Who needs reviews? Super Mario 3D All-Stars brings together three classic 3D Mario adventures into one nostalgia-fuelled package, with Super Mario 64, Super Mario Sunshine, and Super Mario Galaxy some of the most adored titles in most Nintendo fans’ memories – they still hold up today too, so if you’re a fan of Mario games you’re going to want to buy it immediately (especially since you won’t be able to after March next year).
Sometimes though, we need to know a bit more about the remastered collections we’re playing. After all, titles like Crash Bandicoot N. Sane Trilogy, Spyro Re-ignited Trilogy and Tony Hawk’s Pro Skater 1+2 have offered classic titles that have also been built from the ground up to completely modernise the experience, which raises the bar for expectations as to what a remaster should offer. Mario 3D All-Stars hasn’t quite done that, but instead made some visual improvements, upped the resolution, and made minor gameplay alterations to modernise the experiences for the Nintendo Switch. Is that enough? We’d be lying if we said no – this is Mario we’re talking about, after all, and each title is still bloody brilliant to play – but we’d also be lying if we said it wasn’t a shame that this remastered collection doesn’t feel as revolutionary as some of those aforementioned re-releases.
Given the fact that all three games have been out for years already, I’m not going to go into too much depth about them… instead, I’ll give quick summaries down below and mention how they feel to play all on the Nintendo Switch.
Super Mario 64 was the titular plumber’s first foray into 3D platforming, and boy was it something special. Launching alongside the Nintendo 64 twenty-four years ago, it showed that Mario’s timeless gameplay could make the transition to 3D thanks to its fantastic level design, Mario’s acrobatic manoeuvres, and its charmingly vibrant world that really brought the Mushroom Kingdom to life.
Whilst Super Mario 64 holds up well today and still feels as fun to play as it did in 1996, there’s no doubting that it is the game in the package that could have done with the most work. Whilst the visuals have seen a slight improvement thanks to the increase in resolution, the controls could feel a bit clunky in places whilst the camera could also cause problems – especially if you’re used to more modern platformers that give more fluid control over the camera. It also doesn’t have widescreen support like the other titles, limiting gameplay to a 4:3 screen ratio.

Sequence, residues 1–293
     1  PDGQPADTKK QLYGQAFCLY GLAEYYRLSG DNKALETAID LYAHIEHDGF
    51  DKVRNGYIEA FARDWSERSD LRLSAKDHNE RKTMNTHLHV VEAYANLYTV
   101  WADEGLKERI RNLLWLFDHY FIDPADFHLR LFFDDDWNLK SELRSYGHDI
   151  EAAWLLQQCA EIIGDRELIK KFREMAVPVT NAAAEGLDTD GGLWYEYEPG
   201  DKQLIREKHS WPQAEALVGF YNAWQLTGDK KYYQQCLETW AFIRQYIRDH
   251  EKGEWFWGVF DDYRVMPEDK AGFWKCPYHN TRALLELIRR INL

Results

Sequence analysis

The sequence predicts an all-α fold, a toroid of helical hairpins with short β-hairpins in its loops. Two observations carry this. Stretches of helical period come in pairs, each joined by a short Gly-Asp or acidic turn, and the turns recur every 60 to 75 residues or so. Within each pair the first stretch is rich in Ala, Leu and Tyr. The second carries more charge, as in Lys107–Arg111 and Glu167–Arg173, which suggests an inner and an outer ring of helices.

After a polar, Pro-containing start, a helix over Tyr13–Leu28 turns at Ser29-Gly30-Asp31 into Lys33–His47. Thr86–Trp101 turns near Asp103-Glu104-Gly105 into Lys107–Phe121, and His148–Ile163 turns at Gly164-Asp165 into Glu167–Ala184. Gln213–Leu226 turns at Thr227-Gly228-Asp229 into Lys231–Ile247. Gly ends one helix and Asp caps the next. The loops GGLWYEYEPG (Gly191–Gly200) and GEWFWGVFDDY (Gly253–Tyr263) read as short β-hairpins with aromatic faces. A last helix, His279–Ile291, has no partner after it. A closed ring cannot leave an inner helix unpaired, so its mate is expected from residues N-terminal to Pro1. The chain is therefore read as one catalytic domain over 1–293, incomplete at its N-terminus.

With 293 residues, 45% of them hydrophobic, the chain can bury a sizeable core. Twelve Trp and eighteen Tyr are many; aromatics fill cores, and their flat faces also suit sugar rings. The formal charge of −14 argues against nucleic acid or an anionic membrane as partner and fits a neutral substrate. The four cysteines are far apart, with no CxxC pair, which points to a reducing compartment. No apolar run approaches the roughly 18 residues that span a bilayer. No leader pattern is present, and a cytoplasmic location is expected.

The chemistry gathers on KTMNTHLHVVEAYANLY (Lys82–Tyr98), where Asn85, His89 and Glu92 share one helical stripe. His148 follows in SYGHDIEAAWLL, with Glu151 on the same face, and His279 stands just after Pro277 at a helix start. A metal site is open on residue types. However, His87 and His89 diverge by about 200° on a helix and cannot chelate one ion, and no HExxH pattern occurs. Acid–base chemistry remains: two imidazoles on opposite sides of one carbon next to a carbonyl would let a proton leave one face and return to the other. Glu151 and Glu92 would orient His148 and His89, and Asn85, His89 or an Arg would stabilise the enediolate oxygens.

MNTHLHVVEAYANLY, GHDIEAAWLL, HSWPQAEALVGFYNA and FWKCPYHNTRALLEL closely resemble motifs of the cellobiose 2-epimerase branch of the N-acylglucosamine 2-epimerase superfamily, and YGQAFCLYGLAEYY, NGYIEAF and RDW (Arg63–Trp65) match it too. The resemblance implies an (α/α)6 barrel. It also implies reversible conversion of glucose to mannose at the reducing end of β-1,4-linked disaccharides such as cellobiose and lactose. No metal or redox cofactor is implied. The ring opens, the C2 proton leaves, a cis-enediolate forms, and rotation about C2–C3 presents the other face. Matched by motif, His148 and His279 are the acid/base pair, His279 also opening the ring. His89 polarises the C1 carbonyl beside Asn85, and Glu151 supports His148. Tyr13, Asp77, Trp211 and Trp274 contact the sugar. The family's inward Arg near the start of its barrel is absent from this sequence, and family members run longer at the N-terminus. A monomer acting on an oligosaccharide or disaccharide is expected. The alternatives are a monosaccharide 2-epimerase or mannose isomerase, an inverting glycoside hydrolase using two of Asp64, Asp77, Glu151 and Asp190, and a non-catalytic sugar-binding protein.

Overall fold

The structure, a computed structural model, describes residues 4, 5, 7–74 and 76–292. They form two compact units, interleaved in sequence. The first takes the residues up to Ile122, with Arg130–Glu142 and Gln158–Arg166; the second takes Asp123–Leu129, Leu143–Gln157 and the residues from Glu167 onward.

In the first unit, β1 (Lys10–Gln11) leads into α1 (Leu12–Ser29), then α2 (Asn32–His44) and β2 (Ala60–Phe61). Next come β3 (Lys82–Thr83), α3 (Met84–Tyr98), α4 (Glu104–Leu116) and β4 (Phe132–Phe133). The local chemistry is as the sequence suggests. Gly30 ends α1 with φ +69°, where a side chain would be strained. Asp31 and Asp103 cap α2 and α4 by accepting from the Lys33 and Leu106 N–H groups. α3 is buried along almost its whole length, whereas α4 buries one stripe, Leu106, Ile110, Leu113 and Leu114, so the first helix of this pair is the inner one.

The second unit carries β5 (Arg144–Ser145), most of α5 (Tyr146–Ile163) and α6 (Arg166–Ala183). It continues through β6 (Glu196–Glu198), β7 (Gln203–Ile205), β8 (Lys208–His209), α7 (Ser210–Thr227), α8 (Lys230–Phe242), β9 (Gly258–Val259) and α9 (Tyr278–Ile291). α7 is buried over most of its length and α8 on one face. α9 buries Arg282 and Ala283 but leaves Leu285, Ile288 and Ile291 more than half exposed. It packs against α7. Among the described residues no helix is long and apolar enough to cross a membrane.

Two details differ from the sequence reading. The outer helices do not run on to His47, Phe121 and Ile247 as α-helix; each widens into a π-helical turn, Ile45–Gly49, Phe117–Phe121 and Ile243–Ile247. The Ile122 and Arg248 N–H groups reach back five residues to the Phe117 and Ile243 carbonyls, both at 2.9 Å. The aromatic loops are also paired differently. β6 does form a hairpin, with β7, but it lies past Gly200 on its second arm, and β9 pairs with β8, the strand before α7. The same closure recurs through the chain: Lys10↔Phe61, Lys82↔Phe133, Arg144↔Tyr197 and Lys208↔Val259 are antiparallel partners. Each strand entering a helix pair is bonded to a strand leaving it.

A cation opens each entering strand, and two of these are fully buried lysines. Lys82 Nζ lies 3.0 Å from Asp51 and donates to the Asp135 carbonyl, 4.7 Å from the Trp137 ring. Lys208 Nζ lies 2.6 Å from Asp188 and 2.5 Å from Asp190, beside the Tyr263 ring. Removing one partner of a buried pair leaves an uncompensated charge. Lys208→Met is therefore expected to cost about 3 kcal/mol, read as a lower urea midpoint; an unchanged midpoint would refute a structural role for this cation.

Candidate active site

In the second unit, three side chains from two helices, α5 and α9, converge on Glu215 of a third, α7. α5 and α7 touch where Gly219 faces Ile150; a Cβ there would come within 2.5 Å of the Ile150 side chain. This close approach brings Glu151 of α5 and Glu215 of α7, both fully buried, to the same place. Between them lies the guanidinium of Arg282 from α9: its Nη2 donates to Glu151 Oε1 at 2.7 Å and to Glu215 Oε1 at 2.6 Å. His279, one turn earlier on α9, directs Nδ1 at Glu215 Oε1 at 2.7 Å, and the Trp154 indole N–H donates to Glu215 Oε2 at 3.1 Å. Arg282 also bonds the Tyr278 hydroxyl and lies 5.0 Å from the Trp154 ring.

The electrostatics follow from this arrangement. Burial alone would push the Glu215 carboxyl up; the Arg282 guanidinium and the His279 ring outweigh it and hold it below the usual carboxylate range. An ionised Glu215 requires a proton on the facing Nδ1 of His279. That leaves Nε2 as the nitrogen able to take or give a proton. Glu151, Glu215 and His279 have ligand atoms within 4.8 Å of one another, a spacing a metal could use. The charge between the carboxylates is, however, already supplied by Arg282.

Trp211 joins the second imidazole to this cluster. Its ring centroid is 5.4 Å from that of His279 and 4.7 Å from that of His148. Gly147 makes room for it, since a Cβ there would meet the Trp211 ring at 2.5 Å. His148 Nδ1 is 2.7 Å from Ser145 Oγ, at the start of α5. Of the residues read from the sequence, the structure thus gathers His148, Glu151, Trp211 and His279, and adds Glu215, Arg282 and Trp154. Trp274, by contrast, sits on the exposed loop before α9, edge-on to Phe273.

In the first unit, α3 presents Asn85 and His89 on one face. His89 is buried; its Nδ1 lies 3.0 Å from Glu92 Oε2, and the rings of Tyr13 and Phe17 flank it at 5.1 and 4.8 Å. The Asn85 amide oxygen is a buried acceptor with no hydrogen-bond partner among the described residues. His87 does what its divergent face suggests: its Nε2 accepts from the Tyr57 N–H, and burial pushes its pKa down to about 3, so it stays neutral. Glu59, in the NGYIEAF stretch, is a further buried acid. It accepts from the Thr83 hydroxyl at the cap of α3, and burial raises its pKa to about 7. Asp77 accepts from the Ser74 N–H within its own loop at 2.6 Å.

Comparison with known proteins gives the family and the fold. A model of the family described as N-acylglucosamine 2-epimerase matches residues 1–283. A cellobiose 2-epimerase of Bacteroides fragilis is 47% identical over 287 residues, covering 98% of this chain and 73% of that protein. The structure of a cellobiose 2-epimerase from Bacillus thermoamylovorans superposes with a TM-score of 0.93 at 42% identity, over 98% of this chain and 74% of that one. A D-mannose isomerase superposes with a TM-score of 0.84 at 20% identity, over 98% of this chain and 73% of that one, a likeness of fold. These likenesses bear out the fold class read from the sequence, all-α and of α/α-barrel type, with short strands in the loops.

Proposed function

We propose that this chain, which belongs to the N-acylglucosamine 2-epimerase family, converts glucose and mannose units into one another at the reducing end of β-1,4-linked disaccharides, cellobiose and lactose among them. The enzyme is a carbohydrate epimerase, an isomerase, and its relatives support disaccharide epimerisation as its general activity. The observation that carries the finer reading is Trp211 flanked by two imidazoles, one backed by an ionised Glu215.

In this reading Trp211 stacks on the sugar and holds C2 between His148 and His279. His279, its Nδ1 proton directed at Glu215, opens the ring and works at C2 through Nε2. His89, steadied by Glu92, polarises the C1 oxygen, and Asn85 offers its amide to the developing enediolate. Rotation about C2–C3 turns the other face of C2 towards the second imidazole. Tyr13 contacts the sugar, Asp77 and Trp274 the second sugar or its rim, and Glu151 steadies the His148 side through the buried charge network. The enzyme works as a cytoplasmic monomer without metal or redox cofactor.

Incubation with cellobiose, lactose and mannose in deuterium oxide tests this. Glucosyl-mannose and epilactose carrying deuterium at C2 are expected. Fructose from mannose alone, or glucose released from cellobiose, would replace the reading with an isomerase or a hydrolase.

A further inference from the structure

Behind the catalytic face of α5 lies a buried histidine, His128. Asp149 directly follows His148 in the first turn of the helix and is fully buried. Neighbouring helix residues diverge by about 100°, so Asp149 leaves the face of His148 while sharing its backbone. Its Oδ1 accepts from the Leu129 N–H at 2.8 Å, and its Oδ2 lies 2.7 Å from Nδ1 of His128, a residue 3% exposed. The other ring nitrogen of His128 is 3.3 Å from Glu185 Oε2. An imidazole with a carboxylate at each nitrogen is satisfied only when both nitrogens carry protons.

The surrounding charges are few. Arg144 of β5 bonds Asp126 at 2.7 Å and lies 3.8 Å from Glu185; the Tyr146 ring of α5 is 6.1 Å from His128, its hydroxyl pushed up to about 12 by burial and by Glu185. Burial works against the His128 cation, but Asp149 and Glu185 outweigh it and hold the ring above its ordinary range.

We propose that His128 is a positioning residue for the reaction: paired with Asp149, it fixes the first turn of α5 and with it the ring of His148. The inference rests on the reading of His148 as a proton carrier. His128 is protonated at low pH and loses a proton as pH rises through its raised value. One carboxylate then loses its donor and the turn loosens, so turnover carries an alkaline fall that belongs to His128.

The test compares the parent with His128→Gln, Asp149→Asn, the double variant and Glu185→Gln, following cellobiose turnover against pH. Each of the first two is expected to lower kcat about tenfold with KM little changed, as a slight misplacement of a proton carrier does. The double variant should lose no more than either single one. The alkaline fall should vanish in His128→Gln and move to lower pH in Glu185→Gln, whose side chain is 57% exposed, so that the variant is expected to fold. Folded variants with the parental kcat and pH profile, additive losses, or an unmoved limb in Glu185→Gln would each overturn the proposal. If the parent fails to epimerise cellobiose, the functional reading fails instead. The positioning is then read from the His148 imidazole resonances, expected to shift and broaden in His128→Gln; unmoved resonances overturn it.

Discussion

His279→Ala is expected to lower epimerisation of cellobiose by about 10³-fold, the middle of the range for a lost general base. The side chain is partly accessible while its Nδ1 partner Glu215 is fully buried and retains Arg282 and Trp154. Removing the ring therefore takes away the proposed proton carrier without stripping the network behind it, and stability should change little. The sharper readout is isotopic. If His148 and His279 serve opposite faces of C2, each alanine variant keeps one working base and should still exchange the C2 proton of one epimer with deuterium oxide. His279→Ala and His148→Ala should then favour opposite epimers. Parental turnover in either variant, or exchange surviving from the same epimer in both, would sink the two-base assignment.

Don’t get me wrong, there are hours of enjoyment to be had from the game (especially if you’re looking to grab all one-hundred-and-twenty stars), but you’ll feel like you’re playing a game from 1996. Oh, and that message on the fountain that has been theorized to contain a message about Luigi? You STILL can’t make out the text on it…
Super Mario Sunshine has always been a bit of a divisive title around Mario fans, with some loving the new FLUDD-based (Flash Liquidizer Ultra Dousing Device) take on gameplay and others not appreciating it. I mean, come on: who wouldn’t want to blast away at enemies with water and use powerful bursts of it to get around in tricky challenges that had a heavy focus on vertical platforming? It adds a whole new way to approach platforming in the series and shows that Mario’s 3D adventures can indeed have unique hooks of their own that show they’re about more than just running and jumping. Add to that the wonderful setting of Delfino Island and a delightful soundtrack and it’s clear to see that Super Mario Sunshine is a special game – no matter WHAT anyone else says.
Whilst I’ll admit that it does have its flaws (hello, Pachinko level) and some gameplay mechanics can take getting used to, it’s been great re-visiting Delfino Island – it’s probably my favourite game out of the three and seeing it in a HD resolution with some bolder and more vibrant colours has been a real treat. Super Mario Sunshine may have a divisive reputation, but please, you’d be doing yourself a disservice if you don’t dive into its charming escapade.